As regular as clockwork, you can guarantee that newspaper and web page at this time of year are decorated with review of the year features and news with a Christmassy tinge.

The last few festive seasons have also seen social media commentators churn out their top Twitter and Facebook fails from the past 12 months, giving those not involved a light-hearted look back at some of most talked-about online PR disasters.

But while an embarrassing social media clanger is damaging to your brand’s reputation, there are even more serious repercussions out there for those ignorant of the fact that media law applies to social platform content.

Yesterday, the attorney general Dominic Grieve QC announced that he would begin publishing advisory notices in an effort to curb the number of prejudicial comments made by irresponsible or ignorant use of social media.

The Contempt of Court Act 1981 prohibits conduct that interferes with the course of justice, including the publication of information, both in print or online, that may hamper legal proceedings, sway the views of jurors or infringe on a court order.

As the use of social media rises, so too have instances of contempt of court stemming from online comment, such as the storm around super-injunctions to the likes of Sally Bercow and Peaches Geldof revealing the identity of people granted anonymity in court.

The latter explained her actions in a subsequent apology, stating she thought the names of two mothers whose children were abused by Ian Watkins were public knowledge. But failing to know or understand the law surrounding published content on a court case, whether in print or online, is no defence.

The advisory notices, which give cautionary advice in relation to current news stories, have previously been provided to media sources to guide safe editorial content.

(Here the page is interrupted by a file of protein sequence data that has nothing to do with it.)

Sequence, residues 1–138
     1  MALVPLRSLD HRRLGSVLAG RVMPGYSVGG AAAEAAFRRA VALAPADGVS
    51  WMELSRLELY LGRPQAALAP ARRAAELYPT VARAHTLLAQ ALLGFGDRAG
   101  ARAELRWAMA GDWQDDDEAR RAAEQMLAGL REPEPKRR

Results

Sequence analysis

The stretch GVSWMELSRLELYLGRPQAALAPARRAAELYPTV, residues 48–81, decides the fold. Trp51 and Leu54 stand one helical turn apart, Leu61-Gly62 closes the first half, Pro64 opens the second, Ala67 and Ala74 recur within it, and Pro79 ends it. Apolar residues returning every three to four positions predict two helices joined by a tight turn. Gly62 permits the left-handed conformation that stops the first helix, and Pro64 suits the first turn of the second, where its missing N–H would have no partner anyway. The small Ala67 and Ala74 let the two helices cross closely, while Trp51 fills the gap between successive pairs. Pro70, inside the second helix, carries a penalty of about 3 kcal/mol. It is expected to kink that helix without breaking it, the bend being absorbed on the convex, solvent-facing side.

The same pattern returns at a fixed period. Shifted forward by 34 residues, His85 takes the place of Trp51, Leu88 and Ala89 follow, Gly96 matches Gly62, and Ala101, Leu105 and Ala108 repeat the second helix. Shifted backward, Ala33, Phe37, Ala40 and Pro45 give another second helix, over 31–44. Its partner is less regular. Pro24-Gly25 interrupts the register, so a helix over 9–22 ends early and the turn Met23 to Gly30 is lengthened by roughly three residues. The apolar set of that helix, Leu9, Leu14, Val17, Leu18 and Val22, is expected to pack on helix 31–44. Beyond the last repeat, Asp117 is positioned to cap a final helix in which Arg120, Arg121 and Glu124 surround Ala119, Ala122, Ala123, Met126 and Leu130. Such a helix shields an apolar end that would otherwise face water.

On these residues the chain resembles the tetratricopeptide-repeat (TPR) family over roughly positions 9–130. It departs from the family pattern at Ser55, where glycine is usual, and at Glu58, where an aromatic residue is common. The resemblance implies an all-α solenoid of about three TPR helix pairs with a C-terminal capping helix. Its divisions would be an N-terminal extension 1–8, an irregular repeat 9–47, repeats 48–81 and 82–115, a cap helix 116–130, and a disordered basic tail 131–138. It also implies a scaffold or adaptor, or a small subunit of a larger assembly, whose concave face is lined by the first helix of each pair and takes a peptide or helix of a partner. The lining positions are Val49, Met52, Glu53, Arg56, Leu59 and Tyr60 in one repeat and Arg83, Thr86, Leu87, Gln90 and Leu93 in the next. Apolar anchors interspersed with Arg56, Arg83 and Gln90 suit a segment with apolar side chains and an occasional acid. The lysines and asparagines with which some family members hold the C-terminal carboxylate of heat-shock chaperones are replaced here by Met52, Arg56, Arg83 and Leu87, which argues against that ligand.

Qualified, experienced journalists are fully trained in media law, and reporting on live court proceedings is something every junior adheres to when learning the ropes in the newsroom – an experience the wider public simply does not and will never have.

Now the previously not-for-publication guidelines will be made available to the public via the attorney general website and Twitter page, with ten notices having been issued already in 2013 – a dramatic increase from the average of five per year.

Mr Grieve said: “In days gone by, it was only the mainstream media that had the opportunity to bring information relating to a court case to such a large group of people that it could put a court case at risk. That is no longer the case, and is why I have decided to publish the advisories that I have previously only issued to the media.

“This is not about telling people what they can or cannot talk about on social media; quite the opposite in fact, it’s designed to help facilitate commentary in a lawful way. I hope that by making this information available to the public at large, we can help stop people from inadvertently breaking the law, and make sure that cases are tried on the evidence, not what people have found online.”

The measures illustrate how vitally important it is for everyone, from social media novices to social media account executives, to fully understand the potential pitfalls of the Twitter landscape.

Only by taking expert advice and remaining up to date with the latest best practice guidelines can you avoid reaching the top of 2014’s run-down of social media blunders.